Even for those who feel at home with their nose in a textbook, the end of summer break (or Winter recess) is a big bummer. But as much as it's a return to school and schedules, it's an opportunity. This is a fine excuse to invest in some fresh tech to make the coming academia-addled year a little more bearable.
If you're still reliant on a desktop, or if your laptop winces at the sight of a high-definition video lecture, it's time to look into an upgrade. And thankfully if you know where to look, it's possible to get a sleek and impressive notebook without blowing through your savings (or student loans).
We've pored through ourarchives from the past several months and picked the best laptops for school. Our short list spans a variety of budgets that range from power-sipping Chromebooks to help you with that 1,000 page dissertation to more powerful machines that'll do better at a dorm room lan party.
Update: If you're in the market for a durable convertible, the Lenovo ThinkPad Yoga 12 is a compelling device. Designed for business users, the ThinkPad Yoga 12 has a more conservative design, but don't let its buttoned-up looks fool you – the laptop can still do backflips and the screen has a 360-degree hinge to easily convert between a notebook and a tablet, and you can also use the tent and display modes in between. The business-class design also means that it has a more durable build quality than consumer convertible Ultrabooks on the market.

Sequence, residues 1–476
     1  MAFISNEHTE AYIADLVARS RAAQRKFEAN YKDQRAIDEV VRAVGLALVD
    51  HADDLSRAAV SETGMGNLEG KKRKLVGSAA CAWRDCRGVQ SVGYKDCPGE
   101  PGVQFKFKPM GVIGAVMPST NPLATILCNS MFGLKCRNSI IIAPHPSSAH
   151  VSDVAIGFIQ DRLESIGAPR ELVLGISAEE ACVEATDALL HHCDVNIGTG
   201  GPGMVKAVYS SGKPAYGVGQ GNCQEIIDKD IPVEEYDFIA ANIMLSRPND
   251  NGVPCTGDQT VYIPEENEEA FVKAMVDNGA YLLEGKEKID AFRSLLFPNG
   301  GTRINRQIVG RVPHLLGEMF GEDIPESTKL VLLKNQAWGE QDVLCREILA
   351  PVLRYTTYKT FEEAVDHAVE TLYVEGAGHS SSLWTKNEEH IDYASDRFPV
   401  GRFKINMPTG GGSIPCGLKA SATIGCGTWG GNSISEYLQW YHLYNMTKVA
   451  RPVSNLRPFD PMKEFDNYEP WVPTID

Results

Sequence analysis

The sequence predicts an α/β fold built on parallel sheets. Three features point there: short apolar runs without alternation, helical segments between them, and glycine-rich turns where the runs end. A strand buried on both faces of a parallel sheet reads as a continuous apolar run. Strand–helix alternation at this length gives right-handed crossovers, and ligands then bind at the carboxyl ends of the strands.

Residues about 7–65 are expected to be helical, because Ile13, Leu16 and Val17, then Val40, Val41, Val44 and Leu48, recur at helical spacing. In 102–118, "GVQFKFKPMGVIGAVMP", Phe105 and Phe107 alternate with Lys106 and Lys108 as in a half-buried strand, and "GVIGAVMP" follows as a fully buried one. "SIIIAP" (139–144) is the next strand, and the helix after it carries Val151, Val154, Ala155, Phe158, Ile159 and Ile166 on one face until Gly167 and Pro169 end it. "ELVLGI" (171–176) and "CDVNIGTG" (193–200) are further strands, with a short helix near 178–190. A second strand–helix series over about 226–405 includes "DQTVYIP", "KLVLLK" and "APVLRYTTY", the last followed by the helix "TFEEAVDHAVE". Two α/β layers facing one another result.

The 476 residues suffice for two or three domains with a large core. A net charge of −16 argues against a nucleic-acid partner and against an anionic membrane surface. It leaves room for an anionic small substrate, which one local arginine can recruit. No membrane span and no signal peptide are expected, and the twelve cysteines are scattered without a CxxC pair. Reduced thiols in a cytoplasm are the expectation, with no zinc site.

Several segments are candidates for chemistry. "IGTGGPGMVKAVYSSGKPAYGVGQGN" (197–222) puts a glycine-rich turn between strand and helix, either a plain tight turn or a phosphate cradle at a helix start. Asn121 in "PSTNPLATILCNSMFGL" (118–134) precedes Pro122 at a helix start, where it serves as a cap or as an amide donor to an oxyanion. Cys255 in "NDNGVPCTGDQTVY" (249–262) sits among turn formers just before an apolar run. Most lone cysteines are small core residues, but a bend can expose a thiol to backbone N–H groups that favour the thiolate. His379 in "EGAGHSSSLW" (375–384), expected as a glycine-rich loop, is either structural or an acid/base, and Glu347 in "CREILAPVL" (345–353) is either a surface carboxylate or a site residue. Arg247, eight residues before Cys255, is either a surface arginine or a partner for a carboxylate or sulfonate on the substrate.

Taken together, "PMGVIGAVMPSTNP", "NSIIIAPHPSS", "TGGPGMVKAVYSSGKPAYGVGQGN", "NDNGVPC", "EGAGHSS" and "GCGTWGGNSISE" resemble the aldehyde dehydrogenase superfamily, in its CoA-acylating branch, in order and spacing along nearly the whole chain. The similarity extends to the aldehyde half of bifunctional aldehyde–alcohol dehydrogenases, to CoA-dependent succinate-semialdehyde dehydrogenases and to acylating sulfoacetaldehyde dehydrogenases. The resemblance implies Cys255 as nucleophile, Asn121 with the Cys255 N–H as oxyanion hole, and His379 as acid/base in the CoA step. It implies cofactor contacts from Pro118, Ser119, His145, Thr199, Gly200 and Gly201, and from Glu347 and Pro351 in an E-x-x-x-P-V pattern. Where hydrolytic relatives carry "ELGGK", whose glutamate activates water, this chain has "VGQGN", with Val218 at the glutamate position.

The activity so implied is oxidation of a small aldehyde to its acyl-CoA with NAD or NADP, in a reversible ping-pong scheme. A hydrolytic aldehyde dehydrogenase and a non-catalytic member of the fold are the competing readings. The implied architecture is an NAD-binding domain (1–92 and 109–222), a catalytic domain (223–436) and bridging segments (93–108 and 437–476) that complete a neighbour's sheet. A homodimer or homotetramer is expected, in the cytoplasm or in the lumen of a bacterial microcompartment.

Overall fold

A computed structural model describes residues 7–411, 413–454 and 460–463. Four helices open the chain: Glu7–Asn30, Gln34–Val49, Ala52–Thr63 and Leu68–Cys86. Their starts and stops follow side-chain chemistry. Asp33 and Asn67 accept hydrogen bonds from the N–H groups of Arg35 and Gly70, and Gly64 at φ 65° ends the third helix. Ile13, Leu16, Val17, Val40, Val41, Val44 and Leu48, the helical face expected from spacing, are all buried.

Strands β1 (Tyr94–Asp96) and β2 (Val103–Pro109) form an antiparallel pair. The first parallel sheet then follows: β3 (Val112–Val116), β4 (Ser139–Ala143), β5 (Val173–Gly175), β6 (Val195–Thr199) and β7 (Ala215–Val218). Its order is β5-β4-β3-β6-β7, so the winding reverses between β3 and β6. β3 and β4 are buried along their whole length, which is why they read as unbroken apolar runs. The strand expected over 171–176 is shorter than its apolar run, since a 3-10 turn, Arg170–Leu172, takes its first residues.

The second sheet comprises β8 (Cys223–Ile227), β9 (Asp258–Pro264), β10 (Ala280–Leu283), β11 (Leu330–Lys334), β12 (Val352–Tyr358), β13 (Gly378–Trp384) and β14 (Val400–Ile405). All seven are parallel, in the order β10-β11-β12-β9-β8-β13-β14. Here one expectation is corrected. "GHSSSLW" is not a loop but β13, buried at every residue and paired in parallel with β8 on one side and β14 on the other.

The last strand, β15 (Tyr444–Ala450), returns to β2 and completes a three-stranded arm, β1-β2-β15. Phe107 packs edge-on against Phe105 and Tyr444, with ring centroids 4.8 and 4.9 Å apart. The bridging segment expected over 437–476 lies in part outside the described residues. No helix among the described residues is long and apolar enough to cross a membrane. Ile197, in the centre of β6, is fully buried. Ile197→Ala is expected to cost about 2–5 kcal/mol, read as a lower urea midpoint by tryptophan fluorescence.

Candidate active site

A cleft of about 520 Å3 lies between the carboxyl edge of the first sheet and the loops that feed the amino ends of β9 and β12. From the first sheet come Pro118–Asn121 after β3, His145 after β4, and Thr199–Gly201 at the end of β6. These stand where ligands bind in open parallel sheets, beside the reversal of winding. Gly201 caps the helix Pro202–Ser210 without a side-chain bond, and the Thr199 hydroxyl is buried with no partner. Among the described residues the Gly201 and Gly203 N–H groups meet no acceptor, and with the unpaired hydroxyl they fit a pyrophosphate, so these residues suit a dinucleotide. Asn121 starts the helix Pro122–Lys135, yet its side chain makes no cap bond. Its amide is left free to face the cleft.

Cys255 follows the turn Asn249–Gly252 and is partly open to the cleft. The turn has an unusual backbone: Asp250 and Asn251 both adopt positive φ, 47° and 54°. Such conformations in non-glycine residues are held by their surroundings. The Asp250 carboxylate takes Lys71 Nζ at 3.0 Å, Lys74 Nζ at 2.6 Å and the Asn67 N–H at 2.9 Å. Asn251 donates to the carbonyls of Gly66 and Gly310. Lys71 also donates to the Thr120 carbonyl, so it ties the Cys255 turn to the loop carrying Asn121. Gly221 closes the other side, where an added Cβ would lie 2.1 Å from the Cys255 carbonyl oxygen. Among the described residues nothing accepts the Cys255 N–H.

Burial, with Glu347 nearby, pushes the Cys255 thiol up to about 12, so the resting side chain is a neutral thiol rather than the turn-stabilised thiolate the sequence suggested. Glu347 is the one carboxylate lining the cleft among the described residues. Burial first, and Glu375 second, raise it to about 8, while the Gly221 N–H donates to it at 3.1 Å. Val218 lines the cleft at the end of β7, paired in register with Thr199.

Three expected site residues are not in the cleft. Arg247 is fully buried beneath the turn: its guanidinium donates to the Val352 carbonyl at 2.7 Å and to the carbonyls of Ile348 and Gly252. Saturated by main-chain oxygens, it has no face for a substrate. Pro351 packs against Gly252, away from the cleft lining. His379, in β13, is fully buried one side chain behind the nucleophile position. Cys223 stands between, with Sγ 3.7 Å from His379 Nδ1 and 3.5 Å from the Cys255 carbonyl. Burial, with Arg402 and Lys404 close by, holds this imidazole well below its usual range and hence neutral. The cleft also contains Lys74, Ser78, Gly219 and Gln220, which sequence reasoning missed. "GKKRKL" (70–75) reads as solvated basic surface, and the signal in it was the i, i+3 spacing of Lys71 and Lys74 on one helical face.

Acer Chromebook 15
The perfect 15.6-inch media device to share with buds
College life and an affordable 15-inch laptop are almost synonymous. While most college students will go with a Windows machine, you might be better off with something that runs Chrome OS. Meet the Acer Chromebook 15, the first cloud-based machine to come packing a 15.6-inch screen and a Broadwell processor.
Not only does this laptop laptop also come as a well equipped and fully capable machine for multi-tasking, it has a positively radiant screen that's perfect for long Netflix binges. Acer has leveraged all it's past experience making Chromebooks to create a solid package, one that jumps over nearly all the hurdles early Chrome OS machines struggled with.
Acer Chromebook 15 C910
If the performance of the Celeron-equipped Acer Chromebook 15 isn't up to snuff, then you may want to consider the more powerful Chromebook 15 C910 ($499.99, £249, AU$620), also from Acer. The C910 model trades in the anemic Celeron processor for a high end Intel Broadwell Core i5 processor, putting it in the same class as this year's Google Chromebook Pixel.